The Communications Satellite Corp. sold yet another division last week, paring the company back more closely to its primary business of providing international satellite service -- a monopoly bestowed on it when it was created by Congress 25 years ago.

Comsat sold its mobile satellite antenna business to Satellite Telesystems International for an undisclosed sum. Among the division's products are portable earth stations -- antennas that weigh less than 100 pounds and can be assembled in less than 20 minutes -- and other devices that are used for communication aboard ships.

The business is one of several that Comsat has divested in recent months as part of a restructuring.

Two other divisions -- an international telephone and data communications subsidiary and a subsidiary that made earth stations for private data networks -- were sold to Contel Corp.

Contel, the country's third-largest independent telephone company, bought the units as part of an agreement to dissolve a $2.3 billion merger between the two companies.

Contel backed out of the deal, citing adverse regulatory decisions against Comsat.

Comsat controls U.S. access to Intelsat, the international consortium of satellite firms, and arranges for companies such as American Telephone & Telegraph Co. to use the system.

The Federal Communications Commission, which sets profits for this part of Comsat's business, recently ordered Comsat to refund millions of dollars to American users of Intelsat satellites.

Comsat last week also closed its sale of Amplica Inc. -- a marginally profitable business that makes equipment for the defense electronics industry -- to Triax Corp., also for an undisclosed sum.

Comsat's restructuring resulted in an $84 million loss in the second quarter that will force the company into the red for the year.

Comsat plans to cut corporate overhead and begin tougher marketing of its existing satellite services.

"I am looking at 1987 and 1988 as a year of focus and performance," said chief financial officer Bob Perry. "I actually believe that Comsat will be able to grow profitably over the long term."

During the next three to six months the number of employes will shrink by up to 50 percent, mainly because of the sales of divisions, said Richard McGraw, a company spokesman.

Beyond that, more corporate staff positions will be cut, but how many has not been decided, he said.

"We will reduce the size of the corporate staff to support a smaller core," McGraw said.

Between Jan. 1, 1986, and Dec. 31, Comsat will have reduced its corporate expenses from $46 million to $33 million a year -- a reduction of 28 percent, he added.

Meanwhile, Comsat has cut the price of leasing satellite circuits and has signed up customers such as AT&T for five- to seven-year contracts.

It also has devised ways to fit more telephone and data information onto the same satellite circuit, which it said will benefit customers.

In addition, Comsat is pressing ahead with signing up customers for private-line international voice and data service over the Intelsat satellite system and increasing sales of its hotel video service, which is expected to beam programs via satellites to 300,000 hotel rooms by the end of the year.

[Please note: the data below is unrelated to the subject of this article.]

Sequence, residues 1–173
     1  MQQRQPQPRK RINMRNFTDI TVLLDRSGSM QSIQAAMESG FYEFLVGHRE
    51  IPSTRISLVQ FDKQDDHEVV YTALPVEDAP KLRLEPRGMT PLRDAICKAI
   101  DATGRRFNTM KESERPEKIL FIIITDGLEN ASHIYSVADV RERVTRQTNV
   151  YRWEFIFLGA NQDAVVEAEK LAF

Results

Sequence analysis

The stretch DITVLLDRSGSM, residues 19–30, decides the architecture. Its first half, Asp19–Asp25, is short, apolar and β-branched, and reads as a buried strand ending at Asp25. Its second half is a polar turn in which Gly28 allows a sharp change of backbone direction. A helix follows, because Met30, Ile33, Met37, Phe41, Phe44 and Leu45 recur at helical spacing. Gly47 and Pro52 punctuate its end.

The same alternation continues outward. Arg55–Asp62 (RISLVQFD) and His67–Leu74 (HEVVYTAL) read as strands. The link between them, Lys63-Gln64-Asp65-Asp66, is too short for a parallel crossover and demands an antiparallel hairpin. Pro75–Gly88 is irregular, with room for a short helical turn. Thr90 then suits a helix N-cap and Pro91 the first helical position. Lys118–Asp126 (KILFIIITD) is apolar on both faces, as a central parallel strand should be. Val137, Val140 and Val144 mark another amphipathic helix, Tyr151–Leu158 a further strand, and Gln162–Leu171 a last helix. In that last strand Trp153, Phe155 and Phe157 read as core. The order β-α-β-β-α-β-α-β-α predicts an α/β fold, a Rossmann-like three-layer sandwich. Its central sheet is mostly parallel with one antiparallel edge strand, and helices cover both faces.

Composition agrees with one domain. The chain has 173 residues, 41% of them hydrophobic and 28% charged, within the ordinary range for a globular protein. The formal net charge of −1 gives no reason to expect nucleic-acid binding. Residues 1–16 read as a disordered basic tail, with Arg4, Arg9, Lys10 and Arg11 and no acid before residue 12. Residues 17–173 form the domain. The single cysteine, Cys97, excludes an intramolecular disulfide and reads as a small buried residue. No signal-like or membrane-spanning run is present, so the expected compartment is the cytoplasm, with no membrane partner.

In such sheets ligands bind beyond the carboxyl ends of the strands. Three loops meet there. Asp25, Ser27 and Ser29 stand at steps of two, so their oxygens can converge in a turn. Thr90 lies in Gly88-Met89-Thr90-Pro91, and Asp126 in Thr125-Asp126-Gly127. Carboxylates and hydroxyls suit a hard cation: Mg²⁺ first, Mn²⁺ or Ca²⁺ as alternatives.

Despite the changes, Comsat's future is not without problems.

With the advent of fiber optic cables -- thin strands of glass used for voice and data communication -- satellites will face tough competition from undersea cables that are superior in quality, said John S. Bain, an analyst with Shearson Lehman Bros.

The first fiber optic undersea cable spanning the Atlantic will go into operation next year. The cable, owned by 29 companies, including AT&T, could give Comsat trouble -- especially if federal regulators remove restrictions on how much overseas communications traffic goes by cable or satellite.

Comsat has estimated that it could lose $311 million in revenue in the next 13 years if the FCC drops its restrictions.

"The first company to come out with an ad that says, 'Use our international telephone service, we have no annoying delay' -- that would be the end for satellite service," said analyst Bain, referring to the bothersome echo effect that is heard on many long-distance calls.

With the advent of fiber optics, "satellite technology as a backbone is over. Its time has come and gone," he said.

Satellites, however, will always be needed for backup service, said Bain, and Comsat is quick to point out that satellites are more reliable than undersea cables, which have experienced failures for a variety of reasons.

The Reagan administration has asked Comsat and AT&T to discuss how much communications traffic should travel by satellite and how much by cable as the FCC considers removing current rules.

AT&T, which backs removing set limits because of a proliferation of competition in telecommunications, said it would not switch all of its traffic to undersea cables if given the choice.

"AT&T is committed vigorously to support Intelsat," said AT&T spokesman Herb Linnen. "It's been our policy for many years not to put all of our eggs in one basket. ... We need to have diversity in our facilities." Some locations are also not economically served by undersea cable, he said.

Nevertheless, Comsat's Perry concedes that eventually revenue from Intelsat communications traffic will decrease as competition intensifies. Growth in other sectors of Comsat's business is expected to offset losses, he said.endqua